The cost of reseeding, is such, that we cannot afford not to do it correctly.
 

puppet

Member
Livestock Farmer
Location
sw scotland
As soon as the top is dry get it rolled. If we don't get it flat at sowing then we are picking up surface stones for years afterwards - usually through a chopper
 
Location
Ceredigion
we cannot flat roll behind grass seed, if it rains, soil will cap, and take is poor, so camebridge roll. But l am wondering if we get the seed bed, as firm as we should, pre drill, which is difficult here, as minimal working, is requires, otherwise, by the time you drill, it's like an onion bed, and, if it rains, it sets like concrete. We try and avoid ploughing, and find either min-til or dd works well, we have our own, old vaderstat drill, and that actually does a good job firming up, behind it, esp if we cross drill.
The use of a p/harrow is pretty universal now, but, in the good old days, we would have had to do several more passes, with discs etc, to get a decent seed bed, did those extra passes, make the seed bed much firmer ? The p/harrow, is a great tool, but does it leave the soil firm enough ? It looks great, but esp using contractors, who want to be in, and gone, in shortest, least diesel, time.
The cost of reseeding, is such, that we cannot afford not to do it correctly.
Is it not the power harrow that's causing you surface capping ,dreadful tool imo
 

som farmer

Member
Livestock Farmer
Location
somerset
Is it not the power harrow that's causing you surface capping ,dreadful tool imo
no, just can't work the soil to many times, p/harrow, has made life easier, in some ways, it's only 1 pass, whereas 'conventional' was several, so to fine a tilth is avoided, but it is a compromise.
p/h and vaderstat, cross drilled, is a very good compromise, in ploughed fields, leaves a firm finish, and the ring roller after. Best idea, is to avoid ploughing, not always possible though.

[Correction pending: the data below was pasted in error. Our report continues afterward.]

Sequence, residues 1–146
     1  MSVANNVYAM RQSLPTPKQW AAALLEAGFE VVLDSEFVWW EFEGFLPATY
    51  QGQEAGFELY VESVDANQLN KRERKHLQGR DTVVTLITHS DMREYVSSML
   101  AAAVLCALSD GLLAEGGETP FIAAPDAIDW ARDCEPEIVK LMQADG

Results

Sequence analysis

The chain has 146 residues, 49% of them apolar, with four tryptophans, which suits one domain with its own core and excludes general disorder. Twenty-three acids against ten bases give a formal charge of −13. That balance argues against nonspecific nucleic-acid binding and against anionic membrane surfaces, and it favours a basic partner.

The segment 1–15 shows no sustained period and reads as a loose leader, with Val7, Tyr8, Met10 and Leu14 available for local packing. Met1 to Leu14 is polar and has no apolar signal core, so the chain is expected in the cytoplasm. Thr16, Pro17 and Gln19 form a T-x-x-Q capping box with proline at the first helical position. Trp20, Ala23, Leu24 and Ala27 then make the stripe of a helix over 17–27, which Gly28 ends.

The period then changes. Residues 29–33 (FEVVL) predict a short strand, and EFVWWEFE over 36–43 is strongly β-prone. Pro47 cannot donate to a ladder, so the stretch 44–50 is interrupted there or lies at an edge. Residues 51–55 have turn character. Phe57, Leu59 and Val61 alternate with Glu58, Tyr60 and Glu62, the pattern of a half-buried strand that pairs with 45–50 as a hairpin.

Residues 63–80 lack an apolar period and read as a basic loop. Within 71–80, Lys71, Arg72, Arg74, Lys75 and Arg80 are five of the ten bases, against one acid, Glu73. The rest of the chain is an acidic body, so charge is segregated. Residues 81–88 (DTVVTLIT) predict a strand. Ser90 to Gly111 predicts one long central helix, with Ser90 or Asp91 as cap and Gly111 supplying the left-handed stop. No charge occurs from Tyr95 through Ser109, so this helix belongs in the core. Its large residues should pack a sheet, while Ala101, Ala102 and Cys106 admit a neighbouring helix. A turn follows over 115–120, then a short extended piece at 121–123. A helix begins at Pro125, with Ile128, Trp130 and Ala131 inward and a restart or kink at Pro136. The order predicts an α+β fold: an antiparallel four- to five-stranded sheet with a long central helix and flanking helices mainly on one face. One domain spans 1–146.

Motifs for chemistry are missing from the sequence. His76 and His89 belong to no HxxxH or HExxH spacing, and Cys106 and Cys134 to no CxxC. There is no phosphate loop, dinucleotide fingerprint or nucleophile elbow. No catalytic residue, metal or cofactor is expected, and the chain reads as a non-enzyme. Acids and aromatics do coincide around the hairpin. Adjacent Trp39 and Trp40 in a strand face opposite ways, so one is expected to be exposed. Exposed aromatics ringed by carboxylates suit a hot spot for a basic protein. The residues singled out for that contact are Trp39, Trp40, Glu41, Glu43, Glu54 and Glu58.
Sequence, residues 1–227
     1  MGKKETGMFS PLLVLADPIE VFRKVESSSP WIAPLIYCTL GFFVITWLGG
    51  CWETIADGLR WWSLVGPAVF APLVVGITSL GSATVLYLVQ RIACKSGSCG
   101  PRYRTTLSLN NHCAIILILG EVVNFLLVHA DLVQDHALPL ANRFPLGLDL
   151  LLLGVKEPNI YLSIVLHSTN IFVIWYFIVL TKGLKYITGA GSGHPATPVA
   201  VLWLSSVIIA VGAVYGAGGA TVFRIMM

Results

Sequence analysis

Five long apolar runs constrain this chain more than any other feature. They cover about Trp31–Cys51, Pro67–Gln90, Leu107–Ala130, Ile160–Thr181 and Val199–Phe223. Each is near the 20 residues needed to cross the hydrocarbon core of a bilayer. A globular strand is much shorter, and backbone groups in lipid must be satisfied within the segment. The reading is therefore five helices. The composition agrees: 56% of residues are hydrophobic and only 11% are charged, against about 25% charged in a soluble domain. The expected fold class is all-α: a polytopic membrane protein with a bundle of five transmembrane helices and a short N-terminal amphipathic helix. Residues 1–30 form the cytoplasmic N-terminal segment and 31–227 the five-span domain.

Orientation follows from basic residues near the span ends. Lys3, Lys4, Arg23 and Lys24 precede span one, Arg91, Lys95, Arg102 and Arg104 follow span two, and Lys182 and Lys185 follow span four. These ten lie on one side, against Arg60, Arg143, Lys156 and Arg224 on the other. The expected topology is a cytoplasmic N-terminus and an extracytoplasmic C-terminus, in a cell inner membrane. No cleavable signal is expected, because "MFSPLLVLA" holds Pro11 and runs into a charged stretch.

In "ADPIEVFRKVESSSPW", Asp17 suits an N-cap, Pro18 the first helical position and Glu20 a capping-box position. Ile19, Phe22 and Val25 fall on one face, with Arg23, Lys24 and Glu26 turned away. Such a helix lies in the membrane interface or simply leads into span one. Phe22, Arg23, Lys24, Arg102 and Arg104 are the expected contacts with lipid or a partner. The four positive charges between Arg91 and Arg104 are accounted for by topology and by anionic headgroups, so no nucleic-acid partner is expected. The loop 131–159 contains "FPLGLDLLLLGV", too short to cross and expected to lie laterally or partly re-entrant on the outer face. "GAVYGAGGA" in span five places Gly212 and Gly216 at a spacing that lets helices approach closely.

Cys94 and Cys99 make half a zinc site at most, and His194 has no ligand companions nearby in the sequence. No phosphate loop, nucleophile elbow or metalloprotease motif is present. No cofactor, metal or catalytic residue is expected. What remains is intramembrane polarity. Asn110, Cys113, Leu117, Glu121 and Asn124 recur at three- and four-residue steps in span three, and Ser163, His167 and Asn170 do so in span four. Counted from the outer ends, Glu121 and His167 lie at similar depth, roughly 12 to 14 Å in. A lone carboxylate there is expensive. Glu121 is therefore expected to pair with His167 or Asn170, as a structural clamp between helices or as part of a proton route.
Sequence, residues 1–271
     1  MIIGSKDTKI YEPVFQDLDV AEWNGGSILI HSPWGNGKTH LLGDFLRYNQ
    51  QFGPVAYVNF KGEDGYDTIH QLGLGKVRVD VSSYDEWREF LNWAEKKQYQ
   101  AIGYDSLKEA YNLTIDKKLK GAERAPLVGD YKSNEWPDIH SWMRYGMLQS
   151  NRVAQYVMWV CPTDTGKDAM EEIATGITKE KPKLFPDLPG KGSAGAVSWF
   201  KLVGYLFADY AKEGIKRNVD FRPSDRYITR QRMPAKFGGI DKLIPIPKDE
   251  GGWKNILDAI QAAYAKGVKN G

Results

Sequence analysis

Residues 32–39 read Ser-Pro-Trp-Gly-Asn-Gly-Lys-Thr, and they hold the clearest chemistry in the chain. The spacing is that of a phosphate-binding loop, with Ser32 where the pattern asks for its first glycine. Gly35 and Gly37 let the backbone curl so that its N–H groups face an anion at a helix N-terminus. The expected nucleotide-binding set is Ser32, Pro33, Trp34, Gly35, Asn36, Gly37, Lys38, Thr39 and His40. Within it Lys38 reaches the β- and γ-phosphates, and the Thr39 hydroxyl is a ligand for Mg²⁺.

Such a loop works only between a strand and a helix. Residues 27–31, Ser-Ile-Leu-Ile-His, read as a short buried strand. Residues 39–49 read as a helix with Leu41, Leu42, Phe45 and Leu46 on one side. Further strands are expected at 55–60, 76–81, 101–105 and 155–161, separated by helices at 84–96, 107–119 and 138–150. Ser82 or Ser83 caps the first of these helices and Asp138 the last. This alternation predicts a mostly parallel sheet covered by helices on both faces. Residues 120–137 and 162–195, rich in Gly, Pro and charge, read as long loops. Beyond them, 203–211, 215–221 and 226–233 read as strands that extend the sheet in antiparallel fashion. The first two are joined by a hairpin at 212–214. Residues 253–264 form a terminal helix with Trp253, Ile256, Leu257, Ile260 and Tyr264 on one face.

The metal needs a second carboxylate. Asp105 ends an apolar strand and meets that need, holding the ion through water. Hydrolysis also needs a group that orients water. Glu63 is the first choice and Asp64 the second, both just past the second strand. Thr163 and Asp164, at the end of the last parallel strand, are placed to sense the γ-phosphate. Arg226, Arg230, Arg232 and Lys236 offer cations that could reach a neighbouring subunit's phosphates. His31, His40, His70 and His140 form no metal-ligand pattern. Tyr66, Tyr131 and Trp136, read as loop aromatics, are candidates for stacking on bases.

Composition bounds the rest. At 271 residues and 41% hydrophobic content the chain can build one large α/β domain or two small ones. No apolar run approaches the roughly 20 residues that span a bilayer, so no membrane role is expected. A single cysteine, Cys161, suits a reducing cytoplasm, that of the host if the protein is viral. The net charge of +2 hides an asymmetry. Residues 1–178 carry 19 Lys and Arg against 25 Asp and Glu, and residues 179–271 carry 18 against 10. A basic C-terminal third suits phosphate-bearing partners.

Location
Ceredigion
no, just can't work the soil to many times, p/harrow, has made life easier, in some ways, it's only 1 pass, whereas 'conventional' was several, so to fine a tilth is avoided, but it is a compromise.
p/h and vaderstat, cross drilled, is a very good compromise, in ploughed fields, leaves a firm finish, and the ring roller after. Best idea, is to avoid ploughing, not always possible though.
But a power harrow will beat it finer with one pass than a conventional harrow with 6 , that's why I don't like ploughing, I can avoid using one then
 

som farmer

Member
Livestock Farmer
Location
somerset
it's easier not to plough. However, 1 pass with p/h, doesn't knock it about like several passes conventional, but the ley sown now, nicely up in line, so couldn't be to bad !
 
it's easier not to plough. However, 1 pass with p/h, doesn't knock it about like several passes conventional, but the ley sown now, nicely up in line, so couldn't be to bad !
the main difference between PH and cultivator is the power harrow will leave it reasonably fluffy to its depth
a cultivator should be worked shallower each pass so working the ground firmer as it goes
 

Update on the Sustainable Farming Incentive pilot

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Update on the Sustainable Farming Incentive pilot

Written by Lisa Applin

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In July, we opened the applications window for farmers to join our Sustainable Farming Incentive pilot.

The Sustainable Farming Incentive is 1 of the 3 new environmental land management schemes. It sits alongside the future Local Nature Recovery and Landscape Recovery schemes.

Through the Sustainable Farming Incentive, farmers will be paid for environmentally sustainable actions – ones that are simple to do and do not require previous agri-environment scheme experience.

We are piloting the scheme to...